Will You Raise a Barrier?
If you take a casual stroll around any bookstore, it will confirm the world’s message that the only way to contentment is to have more and be more. You need a better body, a nicer sports car and a better-looking spouse. You need to be more charming, more intelligent and more influential.
This “have more, be more” message is one that can lead to being discontent. In Hebrews 13:5, the Bible says, “ ...be content with what you have because God has said, ‘I will never leave you nor forsake you.’”
Part of the definition of the word “content” in the New Testament Greek means “to ward off” and is related to another word meaning “to raise a barrier.” This is interesting because I once thought contentment was only attained by being happy with what I have. However, these definitions remind me that being content has as much to do with keeping things out as it does with appreciating what I already possess.
I once went with a good friend to stroll through a series of large, luxurious homes. My eyes drank in the beauty of the décor at each address. I admired the ornate furnishings, kitchens and backyard landscapes. After I arrived back home, I felt empty and discontent. I was disappointed I didn’t have more.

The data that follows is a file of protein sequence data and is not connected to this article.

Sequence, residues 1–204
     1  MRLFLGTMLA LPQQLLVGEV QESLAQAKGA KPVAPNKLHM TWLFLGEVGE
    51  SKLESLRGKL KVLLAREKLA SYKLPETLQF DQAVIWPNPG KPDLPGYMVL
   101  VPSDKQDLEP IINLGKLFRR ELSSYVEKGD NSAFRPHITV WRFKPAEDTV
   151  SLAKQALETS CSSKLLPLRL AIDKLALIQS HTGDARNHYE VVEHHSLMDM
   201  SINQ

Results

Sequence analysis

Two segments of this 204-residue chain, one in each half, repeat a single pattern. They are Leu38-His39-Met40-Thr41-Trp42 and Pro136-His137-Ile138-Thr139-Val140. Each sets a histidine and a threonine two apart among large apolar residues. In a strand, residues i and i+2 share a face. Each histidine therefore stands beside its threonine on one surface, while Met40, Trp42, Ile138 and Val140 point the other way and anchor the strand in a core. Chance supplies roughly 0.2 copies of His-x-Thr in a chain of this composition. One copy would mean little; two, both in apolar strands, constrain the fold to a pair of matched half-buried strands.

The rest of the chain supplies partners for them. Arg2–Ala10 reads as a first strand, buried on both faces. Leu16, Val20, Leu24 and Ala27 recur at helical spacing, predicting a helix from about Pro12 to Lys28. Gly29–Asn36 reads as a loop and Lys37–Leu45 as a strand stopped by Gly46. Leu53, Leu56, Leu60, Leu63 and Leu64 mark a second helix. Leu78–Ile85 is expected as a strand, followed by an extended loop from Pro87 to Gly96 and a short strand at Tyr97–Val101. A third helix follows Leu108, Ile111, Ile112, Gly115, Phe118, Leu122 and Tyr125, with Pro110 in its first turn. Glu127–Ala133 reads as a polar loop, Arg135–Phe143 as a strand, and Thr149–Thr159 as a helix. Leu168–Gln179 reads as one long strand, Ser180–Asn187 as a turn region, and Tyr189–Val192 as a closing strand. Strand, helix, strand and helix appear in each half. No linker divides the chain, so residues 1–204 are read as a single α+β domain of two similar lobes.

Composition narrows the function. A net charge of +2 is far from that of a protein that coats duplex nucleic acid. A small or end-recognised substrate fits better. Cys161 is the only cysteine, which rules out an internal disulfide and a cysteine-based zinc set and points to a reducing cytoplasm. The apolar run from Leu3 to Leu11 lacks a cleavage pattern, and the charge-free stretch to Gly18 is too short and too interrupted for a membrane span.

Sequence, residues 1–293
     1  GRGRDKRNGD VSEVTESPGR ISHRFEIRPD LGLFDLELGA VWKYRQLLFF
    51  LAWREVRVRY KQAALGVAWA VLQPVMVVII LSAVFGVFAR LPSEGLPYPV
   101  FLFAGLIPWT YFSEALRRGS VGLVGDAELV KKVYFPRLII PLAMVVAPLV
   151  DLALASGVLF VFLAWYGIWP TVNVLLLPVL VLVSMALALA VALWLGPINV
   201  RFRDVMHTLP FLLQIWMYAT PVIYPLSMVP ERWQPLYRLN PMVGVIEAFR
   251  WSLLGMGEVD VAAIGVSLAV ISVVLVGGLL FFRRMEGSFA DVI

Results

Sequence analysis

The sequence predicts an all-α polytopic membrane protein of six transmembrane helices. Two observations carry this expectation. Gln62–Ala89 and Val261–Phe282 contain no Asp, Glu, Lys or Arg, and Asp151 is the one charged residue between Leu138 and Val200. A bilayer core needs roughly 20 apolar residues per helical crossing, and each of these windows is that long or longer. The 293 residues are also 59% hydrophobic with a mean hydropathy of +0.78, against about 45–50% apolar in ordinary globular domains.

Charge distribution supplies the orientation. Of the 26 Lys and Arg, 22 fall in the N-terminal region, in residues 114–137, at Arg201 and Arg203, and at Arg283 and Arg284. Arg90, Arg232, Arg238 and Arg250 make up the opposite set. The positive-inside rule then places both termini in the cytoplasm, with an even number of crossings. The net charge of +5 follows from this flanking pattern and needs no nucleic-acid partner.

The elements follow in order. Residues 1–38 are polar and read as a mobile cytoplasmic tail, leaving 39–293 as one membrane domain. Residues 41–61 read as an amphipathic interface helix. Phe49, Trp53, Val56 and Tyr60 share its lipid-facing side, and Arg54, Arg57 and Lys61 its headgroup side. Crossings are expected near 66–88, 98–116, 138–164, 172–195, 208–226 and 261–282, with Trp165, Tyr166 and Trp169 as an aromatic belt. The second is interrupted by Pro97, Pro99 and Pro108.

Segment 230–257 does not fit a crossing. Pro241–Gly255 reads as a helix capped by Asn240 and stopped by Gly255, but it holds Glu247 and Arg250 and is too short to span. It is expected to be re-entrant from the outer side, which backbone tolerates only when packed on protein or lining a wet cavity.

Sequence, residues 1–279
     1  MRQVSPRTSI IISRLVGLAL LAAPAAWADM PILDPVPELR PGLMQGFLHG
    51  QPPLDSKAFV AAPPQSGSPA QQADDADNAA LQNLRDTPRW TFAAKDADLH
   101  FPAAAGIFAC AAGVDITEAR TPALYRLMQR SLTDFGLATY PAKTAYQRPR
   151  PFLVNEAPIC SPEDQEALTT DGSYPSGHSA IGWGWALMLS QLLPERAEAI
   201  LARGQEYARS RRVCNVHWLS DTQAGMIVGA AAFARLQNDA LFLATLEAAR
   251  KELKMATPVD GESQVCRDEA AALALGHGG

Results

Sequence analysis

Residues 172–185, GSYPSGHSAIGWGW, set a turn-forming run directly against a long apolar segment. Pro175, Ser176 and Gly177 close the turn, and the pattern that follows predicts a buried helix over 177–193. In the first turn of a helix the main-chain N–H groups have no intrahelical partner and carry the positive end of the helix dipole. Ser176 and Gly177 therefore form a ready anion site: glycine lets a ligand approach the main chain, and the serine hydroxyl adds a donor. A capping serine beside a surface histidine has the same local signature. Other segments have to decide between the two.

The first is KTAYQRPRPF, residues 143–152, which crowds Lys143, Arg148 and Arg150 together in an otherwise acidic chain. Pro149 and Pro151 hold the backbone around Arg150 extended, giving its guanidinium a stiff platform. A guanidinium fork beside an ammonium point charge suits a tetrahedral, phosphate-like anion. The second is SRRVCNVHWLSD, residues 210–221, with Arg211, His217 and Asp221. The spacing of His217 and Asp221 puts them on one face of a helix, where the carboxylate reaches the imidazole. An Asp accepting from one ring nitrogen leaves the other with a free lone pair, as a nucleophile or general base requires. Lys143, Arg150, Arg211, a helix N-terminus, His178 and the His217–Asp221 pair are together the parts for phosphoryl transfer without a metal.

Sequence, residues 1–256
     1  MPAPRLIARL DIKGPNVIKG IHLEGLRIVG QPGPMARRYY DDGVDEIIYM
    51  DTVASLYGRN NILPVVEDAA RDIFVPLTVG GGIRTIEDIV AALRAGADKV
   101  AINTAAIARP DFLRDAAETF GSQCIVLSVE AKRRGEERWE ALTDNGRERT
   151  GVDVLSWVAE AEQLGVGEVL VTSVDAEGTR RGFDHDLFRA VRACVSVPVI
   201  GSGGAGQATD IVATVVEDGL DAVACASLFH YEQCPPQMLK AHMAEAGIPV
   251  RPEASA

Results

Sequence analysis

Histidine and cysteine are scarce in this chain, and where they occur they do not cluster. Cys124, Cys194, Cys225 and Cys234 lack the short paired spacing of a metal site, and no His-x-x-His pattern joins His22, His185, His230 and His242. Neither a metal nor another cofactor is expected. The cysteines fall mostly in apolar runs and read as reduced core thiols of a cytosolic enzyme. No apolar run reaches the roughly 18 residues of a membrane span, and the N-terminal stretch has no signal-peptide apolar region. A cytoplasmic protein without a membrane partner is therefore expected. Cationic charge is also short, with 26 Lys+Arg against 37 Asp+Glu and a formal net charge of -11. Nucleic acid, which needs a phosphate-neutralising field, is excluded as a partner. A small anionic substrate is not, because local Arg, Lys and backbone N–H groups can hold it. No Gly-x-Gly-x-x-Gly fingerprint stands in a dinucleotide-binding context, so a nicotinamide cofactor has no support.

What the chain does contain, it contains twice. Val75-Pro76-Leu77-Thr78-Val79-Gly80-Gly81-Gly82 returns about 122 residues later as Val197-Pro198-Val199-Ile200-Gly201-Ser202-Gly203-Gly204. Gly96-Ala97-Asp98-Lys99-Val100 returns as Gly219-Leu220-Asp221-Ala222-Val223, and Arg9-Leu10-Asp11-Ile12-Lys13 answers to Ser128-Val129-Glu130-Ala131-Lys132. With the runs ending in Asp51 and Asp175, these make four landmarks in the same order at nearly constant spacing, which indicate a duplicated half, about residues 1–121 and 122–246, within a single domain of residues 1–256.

Yep, just like the Bible says, we must guard against being ungrateful for what God has given by “raising a barrier” against anything that makes us feel discontent. And, we have to remember that He blesses one with a large home, while someone else has a more modest residence. He gives one person a position of leadership, while another works behind the scenes. He gives to each according to His will.
We have to “raise barriers” against unrealistic “have more, be more” messages that tell us that we aren’t important unless we are rich, aren’t successful unless we a high-profile job, or aren’t significant unless we are beautiful. Expectations can blind us to more important blessings that we are already holding in our hands, like love, friendships, faith–and especially eternal life.
Ecclesiastes 4:6 says it’s better to have “one handful with tranquility than two handfuls with toil and a chasing after the wind.”
The person who has learned to be content with what they have, knowing God is the Giver of all good things, is the person who is blessed indeed. This is the one who can—with joy—join David in saying, “The boundary lines have fallen for me in pleasant places, surely I have a delightful inheritance” (Psalm 16:6).